One of the most useful features of the Lens is that users can create an account to store and export their search data.  Their privacy policy also seems relatively benign compared to other companies, and there is a wealth of free information pertaining to patents and patent law in their knowledge database.  Just like other services, the Lens allows users to download patent documents in .pdf format.  Additionally, the Lens enables users to create graphical analyses of patent data arranged by constraints such as jurisdictions, owners, classifications and most cited documents.  For example, a simple graphical analysis of “Polymerase Chain Reaction” sorted by ownership can be found here.  Another example shown below is a graphical representation of the number of patent documents arranged by CPC classification number.

The Lens provides useful analytical tools such as the ability to create graphs.

The Lens provides useful analytical tools such as the ability to create graphs.

Like any other patent searching site or method, though, obtaining a good set of results takes time, patience and perseverance.  Learning how to perform a patent search from reading a blog article is a lot like learning how to rebuild a automobile engine by reading a do-it-yourself book.  Sure, it can be done.  But it takes a lot of trial and error to become proficient.  Take the time to read through the support center’s help resources and knowledge database.  Expect to run into a more than a few dead ends when searching.  Expect to perform multiple queries using different keywords.  And most importantly, expect to spend numerous hours reading and sifting through your results.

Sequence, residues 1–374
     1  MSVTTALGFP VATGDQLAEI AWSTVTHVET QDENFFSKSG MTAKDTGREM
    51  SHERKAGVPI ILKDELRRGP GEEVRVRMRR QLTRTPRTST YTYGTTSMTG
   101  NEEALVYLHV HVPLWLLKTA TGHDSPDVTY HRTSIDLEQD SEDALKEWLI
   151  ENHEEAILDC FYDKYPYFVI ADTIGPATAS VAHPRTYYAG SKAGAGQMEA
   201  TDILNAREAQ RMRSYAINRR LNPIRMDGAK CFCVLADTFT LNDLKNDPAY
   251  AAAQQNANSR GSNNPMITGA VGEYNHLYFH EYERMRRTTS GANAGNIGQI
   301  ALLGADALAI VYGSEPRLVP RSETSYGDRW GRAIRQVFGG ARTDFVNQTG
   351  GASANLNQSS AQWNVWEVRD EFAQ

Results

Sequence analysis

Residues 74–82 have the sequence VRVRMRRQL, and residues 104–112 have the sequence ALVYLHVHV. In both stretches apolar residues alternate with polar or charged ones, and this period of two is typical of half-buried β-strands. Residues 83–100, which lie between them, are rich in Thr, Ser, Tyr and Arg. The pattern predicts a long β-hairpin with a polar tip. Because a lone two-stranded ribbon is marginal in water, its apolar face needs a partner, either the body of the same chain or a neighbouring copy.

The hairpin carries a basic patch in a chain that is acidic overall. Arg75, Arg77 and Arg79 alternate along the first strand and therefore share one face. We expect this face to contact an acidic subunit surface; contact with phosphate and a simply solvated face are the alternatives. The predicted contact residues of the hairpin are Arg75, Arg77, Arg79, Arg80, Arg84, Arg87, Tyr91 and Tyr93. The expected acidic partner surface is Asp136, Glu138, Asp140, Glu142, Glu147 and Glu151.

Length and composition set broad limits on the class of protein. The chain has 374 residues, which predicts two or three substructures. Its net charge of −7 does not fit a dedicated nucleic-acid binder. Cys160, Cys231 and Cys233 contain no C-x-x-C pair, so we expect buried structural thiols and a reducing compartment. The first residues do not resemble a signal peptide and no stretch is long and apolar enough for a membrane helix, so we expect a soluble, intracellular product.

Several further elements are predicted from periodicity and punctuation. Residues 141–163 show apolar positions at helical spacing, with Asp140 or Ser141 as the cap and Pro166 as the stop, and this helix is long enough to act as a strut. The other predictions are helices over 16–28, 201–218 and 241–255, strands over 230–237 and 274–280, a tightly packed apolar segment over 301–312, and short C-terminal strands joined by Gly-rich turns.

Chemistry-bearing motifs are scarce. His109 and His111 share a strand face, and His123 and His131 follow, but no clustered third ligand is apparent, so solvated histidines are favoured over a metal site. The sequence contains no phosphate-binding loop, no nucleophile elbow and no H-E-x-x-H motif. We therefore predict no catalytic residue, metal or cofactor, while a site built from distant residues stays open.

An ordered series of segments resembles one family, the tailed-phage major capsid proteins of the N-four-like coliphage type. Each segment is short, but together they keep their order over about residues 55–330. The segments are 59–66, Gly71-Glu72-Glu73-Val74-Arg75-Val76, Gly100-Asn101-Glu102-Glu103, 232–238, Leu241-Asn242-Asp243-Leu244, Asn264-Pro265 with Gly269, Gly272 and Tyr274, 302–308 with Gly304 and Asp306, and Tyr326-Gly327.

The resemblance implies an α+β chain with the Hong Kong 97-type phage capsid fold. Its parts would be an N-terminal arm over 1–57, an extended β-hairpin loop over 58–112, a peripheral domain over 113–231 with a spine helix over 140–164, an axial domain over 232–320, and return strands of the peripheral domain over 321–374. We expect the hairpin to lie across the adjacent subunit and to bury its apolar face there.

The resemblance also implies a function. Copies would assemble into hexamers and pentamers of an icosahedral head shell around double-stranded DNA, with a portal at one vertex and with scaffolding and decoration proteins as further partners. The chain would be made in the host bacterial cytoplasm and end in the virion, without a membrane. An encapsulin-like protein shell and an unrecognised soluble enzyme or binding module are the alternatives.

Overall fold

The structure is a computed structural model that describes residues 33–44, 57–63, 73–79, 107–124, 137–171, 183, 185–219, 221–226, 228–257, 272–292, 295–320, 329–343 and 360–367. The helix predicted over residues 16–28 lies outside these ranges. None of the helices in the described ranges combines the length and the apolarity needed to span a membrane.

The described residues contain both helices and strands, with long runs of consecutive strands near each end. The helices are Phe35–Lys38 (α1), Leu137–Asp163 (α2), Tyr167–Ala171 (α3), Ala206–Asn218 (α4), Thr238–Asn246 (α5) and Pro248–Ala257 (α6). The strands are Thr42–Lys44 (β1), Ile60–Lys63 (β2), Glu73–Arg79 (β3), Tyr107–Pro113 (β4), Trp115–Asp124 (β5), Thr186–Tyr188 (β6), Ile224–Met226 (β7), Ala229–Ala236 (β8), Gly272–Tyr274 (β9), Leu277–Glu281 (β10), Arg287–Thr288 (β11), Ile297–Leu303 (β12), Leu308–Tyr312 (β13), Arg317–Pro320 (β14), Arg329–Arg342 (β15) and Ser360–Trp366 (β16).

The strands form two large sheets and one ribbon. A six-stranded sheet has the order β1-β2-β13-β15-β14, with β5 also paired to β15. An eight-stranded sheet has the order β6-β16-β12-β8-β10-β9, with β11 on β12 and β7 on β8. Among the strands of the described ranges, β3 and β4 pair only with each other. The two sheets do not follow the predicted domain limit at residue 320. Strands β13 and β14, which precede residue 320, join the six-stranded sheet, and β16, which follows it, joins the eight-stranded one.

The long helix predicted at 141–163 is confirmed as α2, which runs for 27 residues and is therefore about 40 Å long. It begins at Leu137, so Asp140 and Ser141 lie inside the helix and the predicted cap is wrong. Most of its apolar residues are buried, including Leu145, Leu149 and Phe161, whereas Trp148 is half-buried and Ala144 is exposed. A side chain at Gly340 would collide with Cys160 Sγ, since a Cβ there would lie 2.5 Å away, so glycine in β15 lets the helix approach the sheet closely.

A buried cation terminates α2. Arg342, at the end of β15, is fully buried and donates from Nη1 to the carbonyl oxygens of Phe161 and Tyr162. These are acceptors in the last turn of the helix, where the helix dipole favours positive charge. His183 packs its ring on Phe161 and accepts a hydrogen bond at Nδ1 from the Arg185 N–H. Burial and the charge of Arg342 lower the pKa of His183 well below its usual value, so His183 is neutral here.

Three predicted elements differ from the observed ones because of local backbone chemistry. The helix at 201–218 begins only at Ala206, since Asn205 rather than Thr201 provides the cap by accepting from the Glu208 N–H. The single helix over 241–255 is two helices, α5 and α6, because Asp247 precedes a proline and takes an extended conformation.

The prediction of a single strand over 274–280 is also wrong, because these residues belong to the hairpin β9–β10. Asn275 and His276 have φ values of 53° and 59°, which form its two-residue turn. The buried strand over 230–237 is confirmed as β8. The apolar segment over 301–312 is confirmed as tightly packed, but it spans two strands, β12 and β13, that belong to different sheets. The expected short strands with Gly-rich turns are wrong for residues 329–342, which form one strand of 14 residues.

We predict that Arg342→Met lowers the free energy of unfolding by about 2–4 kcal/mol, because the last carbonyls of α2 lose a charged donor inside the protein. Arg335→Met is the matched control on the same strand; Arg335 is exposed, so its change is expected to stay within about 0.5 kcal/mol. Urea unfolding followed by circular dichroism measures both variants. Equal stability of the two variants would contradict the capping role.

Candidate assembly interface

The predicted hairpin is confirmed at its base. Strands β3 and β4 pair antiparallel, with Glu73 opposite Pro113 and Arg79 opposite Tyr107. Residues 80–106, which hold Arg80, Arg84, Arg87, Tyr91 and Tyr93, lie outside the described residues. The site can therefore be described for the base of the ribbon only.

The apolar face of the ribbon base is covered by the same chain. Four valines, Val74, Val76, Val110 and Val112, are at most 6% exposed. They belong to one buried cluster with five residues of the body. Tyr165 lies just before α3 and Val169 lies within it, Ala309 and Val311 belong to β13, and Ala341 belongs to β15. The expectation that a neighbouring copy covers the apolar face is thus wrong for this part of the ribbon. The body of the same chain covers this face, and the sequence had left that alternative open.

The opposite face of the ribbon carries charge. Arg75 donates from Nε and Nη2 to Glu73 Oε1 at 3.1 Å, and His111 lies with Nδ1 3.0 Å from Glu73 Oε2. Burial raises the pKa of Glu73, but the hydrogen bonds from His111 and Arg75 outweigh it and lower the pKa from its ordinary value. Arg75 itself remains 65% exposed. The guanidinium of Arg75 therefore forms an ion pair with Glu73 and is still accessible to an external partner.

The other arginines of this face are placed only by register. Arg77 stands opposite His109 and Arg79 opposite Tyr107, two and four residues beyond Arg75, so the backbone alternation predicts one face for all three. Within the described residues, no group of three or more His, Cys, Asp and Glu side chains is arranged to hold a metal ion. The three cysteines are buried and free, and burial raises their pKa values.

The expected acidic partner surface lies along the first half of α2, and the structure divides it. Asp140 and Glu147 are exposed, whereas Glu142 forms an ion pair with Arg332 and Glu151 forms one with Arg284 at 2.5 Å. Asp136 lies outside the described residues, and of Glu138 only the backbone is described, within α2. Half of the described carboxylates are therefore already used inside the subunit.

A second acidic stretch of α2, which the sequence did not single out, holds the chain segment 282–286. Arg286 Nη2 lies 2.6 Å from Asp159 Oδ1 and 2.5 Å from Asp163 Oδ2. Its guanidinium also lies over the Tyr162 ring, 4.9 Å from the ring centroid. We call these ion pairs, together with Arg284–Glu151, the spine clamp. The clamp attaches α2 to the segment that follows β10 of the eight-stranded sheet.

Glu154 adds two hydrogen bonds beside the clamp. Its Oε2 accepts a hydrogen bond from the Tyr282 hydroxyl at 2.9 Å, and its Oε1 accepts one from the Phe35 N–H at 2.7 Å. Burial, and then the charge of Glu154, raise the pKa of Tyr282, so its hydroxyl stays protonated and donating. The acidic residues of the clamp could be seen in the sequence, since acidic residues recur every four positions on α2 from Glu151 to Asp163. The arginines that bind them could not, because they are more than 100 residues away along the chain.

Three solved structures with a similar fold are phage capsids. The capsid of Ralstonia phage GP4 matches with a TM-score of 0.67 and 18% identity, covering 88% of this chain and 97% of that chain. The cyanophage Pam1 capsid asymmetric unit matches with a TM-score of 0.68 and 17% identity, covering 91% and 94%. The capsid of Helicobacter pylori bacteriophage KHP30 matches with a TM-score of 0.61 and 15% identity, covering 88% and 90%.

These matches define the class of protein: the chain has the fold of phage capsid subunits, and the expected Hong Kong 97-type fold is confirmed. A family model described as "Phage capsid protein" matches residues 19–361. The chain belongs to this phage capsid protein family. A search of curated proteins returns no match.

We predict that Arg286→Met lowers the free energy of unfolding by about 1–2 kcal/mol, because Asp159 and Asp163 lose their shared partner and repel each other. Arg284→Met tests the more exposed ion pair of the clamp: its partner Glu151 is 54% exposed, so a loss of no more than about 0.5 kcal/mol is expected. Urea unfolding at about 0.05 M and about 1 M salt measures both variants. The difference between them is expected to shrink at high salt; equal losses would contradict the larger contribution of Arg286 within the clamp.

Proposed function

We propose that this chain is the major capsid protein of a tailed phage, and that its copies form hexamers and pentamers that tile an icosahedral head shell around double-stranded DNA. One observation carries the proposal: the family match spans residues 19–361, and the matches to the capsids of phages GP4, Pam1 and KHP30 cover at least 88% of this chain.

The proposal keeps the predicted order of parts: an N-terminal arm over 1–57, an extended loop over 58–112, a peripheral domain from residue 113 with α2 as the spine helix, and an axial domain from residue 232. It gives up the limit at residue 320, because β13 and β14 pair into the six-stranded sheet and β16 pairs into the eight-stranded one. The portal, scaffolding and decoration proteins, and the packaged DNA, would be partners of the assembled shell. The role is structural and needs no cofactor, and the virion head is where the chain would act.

In conclusion, I believe the Lens has the potential to be a top quality global patent searching platform.  Even though the latest version is in beta testing as of publication of this article, it manages to produce incredibly useful results.  It’s relative ease of use and access to searching tutorials make it a highly valuable resource for the independent inventor or researcher.  And while I still recommend that inventors have a professional patent search performed before setting course into unfamiliar waters, obtaining a good set of initial results is quite doable through the use of this service.  Take the time to familiarize yourself with this free and powerful search utility.  You’ll be glad you did.

About the Author

Scott Thornton